Deadly levels of fentanyl found in street drugs, officals warn

Deadly levels of fentanyl found in street drugs, officals warn

Health officials warned the public Tuesday about more potent levels of fentanyl being found in street drugs as overdose deaths spiked to their highest levels since last year.

Montgomery County’s Community Overdose Action Team (COAT) issued an alert that street drugs, such as cocaine and heroin, have recently been found containing “deadly levels” of fentanyl, according to the organization.

That has led to more overdoses, according to those working with addicts.

Lori Erion, the founding president of Families of Addicts, a support group that works closely with families dealing with addiction issues, said she feels overdoses and overdose deaths have been up for over a month.

RELATED: Montgomery County overdose deaths spiking in July

“I’m seeing more people who had been in groups with us or that I knew of dying,” Erion said. “Overdoses are definitely up. People are definitely dying.”

In the first 10 days in July, 10 suspected overdose deaths prompted COAT to send out an alert. The number of suspected overdose deaths in July in the county ended up being 30, just six shy of the 2017 July total and the most accidental overdose deaths since November of 2018.

Dan Suffoletto, spokesman for Dayton and Montgomery County Public Health, said street drugs laced with fentanyl is a continuing problem in the area. The strength of fentanyl in drugs is increasing.

“This is an ongoing battle, and we want to just want get the word out,” Suffoletto said.

In the 19 days of August so far, 19 suspected overdose deaths were reported in Montgomery County. That brings the 2019 preliminary total to 174 overdose deaths, according to data from the Montgomery County Coroner’s Office.

Overdose deaths in Montgomery County set a record in 2017 with 566.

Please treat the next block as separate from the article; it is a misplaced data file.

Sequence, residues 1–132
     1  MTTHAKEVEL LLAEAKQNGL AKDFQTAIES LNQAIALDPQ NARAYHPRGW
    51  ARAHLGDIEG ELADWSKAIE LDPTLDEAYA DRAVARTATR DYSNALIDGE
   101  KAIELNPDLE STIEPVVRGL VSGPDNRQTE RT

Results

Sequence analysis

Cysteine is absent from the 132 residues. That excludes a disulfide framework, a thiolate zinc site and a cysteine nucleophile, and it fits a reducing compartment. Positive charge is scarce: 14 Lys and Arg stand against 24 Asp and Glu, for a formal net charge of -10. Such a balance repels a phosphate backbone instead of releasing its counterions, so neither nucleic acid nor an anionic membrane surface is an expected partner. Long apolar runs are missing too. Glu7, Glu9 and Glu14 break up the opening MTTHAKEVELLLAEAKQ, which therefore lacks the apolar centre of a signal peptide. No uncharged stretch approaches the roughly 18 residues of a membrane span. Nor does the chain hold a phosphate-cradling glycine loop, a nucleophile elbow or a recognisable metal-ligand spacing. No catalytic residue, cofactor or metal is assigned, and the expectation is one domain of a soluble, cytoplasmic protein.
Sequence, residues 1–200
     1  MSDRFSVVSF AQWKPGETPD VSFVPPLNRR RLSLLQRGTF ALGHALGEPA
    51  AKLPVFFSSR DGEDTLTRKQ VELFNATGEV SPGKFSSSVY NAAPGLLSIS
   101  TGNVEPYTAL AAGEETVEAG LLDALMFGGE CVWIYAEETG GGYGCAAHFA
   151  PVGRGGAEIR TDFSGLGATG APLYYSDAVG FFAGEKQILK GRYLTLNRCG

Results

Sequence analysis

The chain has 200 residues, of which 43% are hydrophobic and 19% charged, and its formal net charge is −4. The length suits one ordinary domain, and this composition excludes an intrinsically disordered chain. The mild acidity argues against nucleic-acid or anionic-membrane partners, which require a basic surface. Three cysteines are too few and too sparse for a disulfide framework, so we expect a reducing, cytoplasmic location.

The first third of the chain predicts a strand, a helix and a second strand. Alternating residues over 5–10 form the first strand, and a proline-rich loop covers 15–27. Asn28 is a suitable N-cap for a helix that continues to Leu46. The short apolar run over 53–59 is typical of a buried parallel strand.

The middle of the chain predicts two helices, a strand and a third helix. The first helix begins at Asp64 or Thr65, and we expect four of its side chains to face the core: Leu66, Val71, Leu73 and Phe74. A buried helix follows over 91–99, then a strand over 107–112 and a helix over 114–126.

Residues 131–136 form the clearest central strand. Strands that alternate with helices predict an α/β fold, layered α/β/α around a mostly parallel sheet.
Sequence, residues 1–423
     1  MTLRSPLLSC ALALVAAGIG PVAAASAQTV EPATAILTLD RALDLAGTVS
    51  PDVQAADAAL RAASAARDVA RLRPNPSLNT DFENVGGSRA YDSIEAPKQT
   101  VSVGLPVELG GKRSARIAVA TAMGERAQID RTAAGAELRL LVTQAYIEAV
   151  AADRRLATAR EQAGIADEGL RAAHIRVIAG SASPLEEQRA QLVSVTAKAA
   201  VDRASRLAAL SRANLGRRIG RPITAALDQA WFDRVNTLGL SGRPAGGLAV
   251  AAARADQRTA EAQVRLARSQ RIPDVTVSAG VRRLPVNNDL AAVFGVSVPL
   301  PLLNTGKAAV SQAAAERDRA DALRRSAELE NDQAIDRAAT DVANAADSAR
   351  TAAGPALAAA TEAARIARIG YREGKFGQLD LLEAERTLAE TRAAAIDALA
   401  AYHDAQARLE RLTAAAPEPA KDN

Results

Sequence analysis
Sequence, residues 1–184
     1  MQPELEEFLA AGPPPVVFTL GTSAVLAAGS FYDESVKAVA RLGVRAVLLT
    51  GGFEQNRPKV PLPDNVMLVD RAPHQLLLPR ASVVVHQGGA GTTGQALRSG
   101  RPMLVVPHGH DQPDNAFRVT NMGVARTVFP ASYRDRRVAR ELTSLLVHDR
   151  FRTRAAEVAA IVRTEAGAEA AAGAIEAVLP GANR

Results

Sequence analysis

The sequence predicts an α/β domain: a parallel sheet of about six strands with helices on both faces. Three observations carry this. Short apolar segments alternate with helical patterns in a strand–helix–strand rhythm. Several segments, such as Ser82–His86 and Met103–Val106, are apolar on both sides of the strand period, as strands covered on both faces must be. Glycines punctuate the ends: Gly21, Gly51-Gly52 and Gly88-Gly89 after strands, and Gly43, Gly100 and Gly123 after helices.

Dayton police have also seen deadly levels of fentanyl. In comparing July to June of this year, officers had 12 more overdose calls. But police used 92 more milligrams of Narcan to revive, or attempt to revive, those 12 additional overdosed people.

The high levels of fentanyl in drugs means it is likely more than one dose of Narcan must be used to save those who overdose, COAT’s release said.

MORE: Dayton cut overdose deaths in half — and learned these lessons to prevent another crisis

Suffoletto said first responders are having to use more Narcan to revive someone. First responders might have enough Narcan to save someone who has overdosed, but an individual may not.

“We’re hoping to stop the perception that people can use these drugs safely and with no consequences,” Suffoletto said.

There is no safe way to do illegal drugs, the COAT release said, but it is important drug users have Narcan available and someone who can administer it in case of an overdose.

“Anyone using drugs should be aware that if they buy drugs on the street, there is a high likelihood that those drugs, including cocaine, may be laced with fentanyl or other potentially fatal chemicals,” said Chief Richard Biehl, Dayton Police.

COAT also sent out a release before the July 4 holiday, warning that the holidays can be a stressful time and there could be an increase in overdoses. Suffoletto said the Oregon District shooting also could have been triggering those with an addiction.

“Everyone deals with stress in different ways,” Suffoletto said.

Erion said the people most are risk in stressful or turbulent times are those who are newly in recovery.

“Those actively addicted, nothing is really going to affect them, they’re just looking to get something,” she said.

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